A stricken climber left to die on Mount Everest was saved by an American guide and a sherpa who found her by accident as they returned from the summit.
The dramatic rescue of the Nepalese woman has reopened a passionate debate about mountaineering ethics, a year after the controversial death on the mountain of the British climber David Sharp.
The woman, identified only as Usha, was found on Monday morning suffering from severe altitude sickness about 550 meters beneath the 29,028-foot summit.
She was at a similar altitude to the cave where Sharp died on May 15, 2006, after an estimated 40 climbers passed him by, most of them without making any attempt to save him. His death sparked an international controversy, with some arguing that a rescue would have cost more lives. Others, including Sir Edmund Hillary, condemned the cynicism of commercial mountaineers.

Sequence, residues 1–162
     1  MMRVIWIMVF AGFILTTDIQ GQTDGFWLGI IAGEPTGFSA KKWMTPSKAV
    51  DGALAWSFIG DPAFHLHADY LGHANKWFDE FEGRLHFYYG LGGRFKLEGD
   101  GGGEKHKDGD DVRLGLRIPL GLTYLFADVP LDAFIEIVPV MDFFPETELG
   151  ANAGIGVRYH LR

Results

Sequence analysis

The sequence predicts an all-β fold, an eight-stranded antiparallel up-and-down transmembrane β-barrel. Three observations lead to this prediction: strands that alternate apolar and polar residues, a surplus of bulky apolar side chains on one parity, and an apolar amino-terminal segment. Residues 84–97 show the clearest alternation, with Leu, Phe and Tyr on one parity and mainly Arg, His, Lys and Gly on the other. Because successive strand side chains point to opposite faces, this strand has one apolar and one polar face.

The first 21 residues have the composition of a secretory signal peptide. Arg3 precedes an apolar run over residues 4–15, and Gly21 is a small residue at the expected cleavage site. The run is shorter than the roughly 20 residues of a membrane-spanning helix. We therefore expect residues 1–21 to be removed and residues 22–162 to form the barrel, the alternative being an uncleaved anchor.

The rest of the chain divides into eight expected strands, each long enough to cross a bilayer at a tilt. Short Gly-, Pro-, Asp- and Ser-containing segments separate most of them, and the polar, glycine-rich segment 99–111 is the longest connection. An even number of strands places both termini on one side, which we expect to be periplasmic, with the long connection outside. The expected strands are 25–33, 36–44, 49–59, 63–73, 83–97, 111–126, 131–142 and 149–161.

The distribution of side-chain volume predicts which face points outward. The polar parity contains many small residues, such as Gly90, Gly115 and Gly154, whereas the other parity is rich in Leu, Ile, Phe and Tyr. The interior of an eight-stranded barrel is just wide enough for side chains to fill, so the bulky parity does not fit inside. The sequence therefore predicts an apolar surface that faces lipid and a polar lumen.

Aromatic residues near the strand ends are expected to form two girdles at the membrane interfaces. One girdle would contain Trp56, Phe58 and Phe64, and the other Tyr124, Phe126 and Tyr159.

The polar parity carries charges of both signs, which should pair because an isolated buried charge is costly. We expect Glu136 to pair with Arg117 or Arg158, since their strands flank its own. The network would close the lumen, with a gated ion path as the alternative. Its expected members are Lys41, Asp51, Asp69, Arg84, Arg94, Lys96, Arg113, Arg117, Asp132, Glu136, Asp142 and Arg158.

Usha, like Sharp, was apparently on the sort of barebones expedition that charges clients typically as little as $8,933 and provides them with only basic equipment.
Also like Sharp, she was too weak to move when she was found by David Hahn, a veteran American guide, and his sherpa, Phinjo Dorje, on their way down from the summit. Hahn and Phinjo Dorje decided to risk their own lives by taking her with them, even though she was only semiconscious and suffering from severe cerebral oedema, or water on the brain.
“I was very concerned because her oxygen had run out. She was virtually unresponsive, and in a precarious spot on the mountain, on a steep snowy slope,” Hahn told The Times via satellite phone from Base Camp.Click here to read the full London Times report.